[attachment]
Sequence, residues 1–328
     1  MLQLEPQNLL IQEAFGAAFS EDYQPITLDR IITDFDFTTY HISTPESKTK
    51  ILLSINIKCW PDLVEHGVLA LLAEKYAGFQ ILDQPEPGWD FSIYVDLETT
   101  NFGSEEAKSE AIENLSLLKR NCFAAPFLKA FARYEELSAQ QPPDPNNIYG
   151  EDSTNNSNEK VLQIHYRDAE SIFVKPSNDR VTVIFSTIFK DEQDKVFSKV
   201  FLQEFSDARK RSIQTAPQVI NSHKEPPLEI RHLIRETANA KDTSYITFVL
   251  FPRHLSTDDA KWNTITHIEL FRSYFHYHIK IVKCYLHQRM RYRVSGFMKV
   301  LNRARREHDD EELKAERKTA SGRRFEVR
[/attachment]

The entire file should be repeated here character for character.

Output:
Sequence, residues 1–328
     1  MLQLEPQNLL IQEAFGAAFS EDYQPITLDR IITDFDFTTY HISTPESKTK
    51  ILLSINIKCW PDLVEHGVLA LLAEKYAGFQ ILDQPEPGWD FSIYVDLETT
   101  NFGSEEAKSE AIENLSLLKR NCFAAPFLKA FARYEELSAQ QPPDPNNIYG
   151  EDSTNNSNEK VLQIHYRDAE SIFVKPSNDR VTVIFSTIFK DEQDKVFSKV
   201  FLQEFSDARK RSIQTAPQVI NSHKEPPLEI RHLIRETANA KDTSYITFVL
   251  FPRHLSTDDA KWNTITHIEL FRSYFHYHIK IVKCYLHQRM RYRVSGFMKV
   301  LNRARREHDD EELKAERKTA SGRRFEVR